The compound of Ban Chao Wichayen (Wichayen House) contains three sections, including a grand two-story brick building, a long and narrow one-story building with an arched entrance on the west side, and significant central buildings such as the assumed bases of a bell tower and a Christian church at the back with a gable entrance. There is also a group of large two-story brick buildings on the east side, which are adorned with arch-shaped staircases and Renaissance-style windows and archways. The interiors of some of the buildings reflect authentic European design.

Unfortunately there isn’t much information provided on the ground of the ruins, with some modern fittings around for photo-taking and events for visits today.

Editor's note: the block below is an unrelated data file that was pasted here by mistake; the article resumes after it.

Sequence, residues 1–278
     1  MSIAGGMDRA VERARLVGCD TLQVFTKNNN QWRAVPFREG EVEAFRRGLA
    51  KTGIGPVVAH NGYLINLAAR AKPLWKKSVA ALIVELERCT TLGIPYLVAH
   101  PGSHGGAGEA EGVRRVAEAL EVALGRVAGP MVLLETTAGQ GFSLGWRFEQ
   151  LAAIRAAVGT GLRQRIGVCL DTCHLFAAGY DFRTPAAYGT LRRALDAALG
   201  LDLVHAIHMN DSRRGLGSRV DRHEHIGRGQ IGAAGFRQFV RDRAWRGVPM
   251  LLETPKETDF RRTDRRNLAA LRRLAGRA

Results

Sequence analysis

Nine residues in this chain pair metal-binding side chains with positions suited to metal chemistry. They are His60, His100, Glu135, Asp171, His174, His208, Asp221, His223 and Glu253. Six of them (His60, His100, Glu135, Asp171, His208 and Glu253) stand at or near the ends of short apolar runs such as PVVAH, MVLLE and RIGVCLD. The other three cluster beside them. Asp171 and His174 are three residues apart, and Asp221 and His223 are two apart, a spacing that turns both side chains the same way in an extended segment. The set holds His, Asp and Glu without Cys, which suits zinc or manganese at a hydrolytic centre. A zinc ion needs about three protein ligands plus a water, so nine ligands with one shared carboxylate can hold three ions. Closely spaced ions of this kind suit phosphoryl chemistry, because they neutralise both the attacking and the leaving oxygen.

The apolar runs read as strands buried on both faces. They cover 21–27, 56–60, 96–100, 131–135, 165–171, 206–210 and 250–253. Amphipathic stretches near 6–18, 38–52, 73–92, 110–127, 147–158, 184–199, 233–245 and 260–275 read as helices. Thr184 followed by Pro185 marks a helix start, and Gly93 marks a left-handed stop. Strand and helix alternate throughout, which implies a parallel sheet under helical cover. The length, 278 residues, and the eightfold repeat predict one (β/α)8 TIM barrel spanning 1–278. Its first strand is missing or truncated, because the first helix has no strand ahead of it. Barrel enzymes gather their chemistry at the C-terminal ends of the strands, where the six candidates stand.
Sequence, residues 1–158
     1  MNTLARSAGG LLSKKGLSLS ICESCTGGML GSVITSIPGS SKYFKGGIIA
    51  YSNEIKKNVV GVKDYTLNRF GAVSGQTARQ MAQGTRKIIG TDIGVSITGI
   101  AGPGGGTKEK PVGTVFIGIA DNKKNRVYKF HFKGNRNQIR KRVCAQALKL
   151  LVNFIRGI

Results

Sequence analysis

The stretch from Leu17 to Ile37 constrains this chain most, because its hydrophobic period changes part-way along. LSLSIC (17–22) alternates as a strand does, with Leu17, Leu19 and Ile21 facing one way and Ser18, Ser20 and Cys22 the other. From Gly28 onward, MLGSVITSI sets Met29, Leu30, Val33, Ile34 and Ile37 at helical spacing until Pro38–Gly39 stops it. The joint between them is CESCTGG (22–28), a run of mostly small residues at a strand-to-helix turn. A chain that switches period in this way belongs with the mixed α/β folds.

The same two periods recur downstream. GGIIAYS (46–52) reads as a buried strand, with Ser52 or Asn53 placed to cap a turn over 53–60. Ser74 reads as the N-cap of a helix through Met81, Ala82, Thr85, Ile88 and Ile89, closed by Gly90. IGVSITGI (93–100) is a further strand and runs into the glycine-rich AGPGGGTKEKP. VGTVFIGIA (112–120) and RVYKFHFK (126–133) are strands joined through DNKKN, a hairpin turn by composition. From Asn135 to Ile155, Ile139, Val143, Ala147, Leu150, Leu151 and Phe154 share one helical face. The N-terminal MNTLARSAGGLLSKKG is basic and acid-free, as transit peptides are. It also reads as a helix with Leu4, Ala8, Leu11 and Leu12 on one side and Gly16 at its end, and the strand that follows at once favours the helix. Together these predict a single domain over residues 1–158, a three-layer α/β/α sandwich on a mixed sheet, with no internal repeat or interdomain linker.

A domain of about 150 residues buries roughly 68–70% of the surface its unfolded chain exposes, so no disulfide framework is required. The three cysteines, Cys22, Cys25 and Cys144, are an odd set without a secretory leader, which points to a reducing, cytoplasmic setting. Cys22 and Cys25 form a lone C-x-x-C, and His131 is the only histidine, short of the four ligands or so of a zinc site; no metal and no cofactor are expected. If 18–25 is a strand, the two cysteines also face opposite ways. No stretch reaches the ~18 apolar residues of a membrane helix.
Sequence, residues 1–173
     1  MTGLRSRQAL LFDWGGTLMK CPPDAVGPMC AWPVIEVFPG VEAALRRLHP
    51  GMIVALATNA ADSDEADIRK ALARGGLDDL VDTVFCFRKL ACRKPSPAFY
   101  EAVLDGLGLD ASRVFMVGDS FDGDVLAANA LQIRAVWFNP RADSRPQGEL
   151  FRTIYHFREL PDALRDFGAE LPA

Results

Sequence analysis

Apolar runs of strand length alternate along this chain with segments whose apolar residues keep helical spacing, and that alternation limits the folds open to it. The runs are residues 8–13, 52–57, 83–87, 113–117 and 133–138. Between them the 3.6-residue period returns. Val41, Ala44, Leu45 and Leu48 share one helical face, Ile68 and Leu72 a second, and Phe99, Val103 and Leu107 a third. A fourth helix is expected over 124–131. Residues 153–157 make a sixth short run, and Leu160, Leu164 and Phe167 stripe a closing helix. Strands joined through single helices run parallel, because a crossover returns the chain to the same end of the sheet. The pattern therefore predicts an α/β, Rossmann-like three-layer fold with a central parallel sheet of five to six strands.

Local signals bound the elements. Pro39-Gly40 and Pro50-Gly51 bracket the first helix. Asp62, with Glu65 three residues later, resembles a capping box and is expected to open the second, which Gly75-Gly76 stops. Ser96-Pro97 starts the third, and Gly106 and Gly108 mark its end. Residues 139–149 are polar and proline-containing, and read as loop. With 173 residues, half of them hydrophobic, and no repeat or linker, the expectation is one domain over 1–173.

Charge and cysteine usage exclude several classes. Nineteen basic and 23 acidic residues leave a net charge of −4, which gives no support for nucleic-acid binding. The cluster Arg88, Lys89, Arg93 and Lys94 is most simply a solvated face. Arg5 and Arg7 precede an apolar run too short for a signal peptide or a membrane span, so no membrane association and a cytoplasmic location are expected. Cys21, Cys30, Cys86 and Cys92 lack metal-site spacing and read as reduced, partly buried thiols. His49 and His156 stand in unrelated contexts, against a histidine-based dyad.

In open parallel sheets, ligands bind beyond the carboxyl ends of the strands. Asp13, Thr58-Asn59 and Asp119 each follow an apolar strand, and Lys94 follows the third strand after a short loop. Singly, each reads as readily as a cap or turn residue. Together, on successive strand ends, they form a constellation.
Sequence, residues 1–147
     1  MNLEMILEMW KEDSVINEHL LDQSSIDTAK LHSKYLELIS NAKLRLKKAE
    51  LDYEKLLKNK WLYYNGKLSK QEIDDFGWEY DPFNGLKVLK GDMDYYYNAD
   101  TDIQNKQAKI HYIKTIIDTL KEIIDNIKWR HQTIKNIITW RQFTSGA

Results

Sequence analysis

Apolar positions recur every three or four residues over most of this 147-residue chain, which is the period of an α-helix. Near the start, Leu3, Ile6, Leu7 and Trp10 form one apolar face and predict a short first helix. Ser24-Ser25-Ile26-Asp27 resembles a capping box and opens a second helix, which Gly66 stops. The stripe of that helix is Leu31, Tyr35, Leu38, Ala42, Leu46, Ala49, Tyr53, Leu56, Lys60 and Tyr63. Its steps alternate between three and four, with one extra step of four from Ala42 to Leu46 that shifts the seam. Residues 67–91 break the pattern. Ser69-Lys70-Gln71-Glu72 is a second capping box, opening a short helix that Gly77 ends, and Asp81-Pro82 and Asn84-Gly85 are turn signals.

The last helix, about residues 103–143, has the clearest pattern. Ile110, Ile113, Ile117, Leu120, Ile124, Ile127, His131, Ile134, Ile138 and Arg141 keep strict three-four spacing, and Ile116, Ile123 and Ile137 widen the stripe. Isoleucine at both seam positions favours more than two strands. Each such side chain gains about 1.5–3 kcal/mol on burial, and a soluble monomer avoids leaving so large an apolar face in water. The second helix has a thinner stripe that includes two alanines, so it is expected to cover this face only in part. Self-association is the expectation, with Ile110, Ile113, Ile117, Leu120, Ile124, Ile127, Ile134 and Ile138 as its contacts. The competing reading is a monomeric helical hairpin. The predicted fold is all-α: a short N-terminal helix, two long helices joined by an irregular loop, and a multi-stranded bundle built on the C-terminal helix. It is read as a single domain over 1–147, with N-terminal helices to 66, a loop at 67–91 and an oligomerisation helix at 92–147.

Once done with the visit to, it’s back to the trams.

Maybe riding on the tram-like tram isn’t such a great idea after all with longitudinal seating, making it difficult to sightsee.

While it looks like the tram-like tram has a bogie, it’s just a cladding in front of the rubber tyres.

My tram with forward-facing seats is more comfortable to sightsee in.

Departing from Ban Chao Wichayen (Wichayen House).

The convoy follows behind.

Prang Khaek

It was just a short drive back to Prang Khaek, which made me wonder why the group didn’t just walk there, since the walk to Prang Khaek from Ban Chao Wichayen (Wichayen House) is about the same distance as the walk from Ban Chao Wichayen (Wichayen House) to the tram boarding point which was on the mirror image side of Prang Khaek.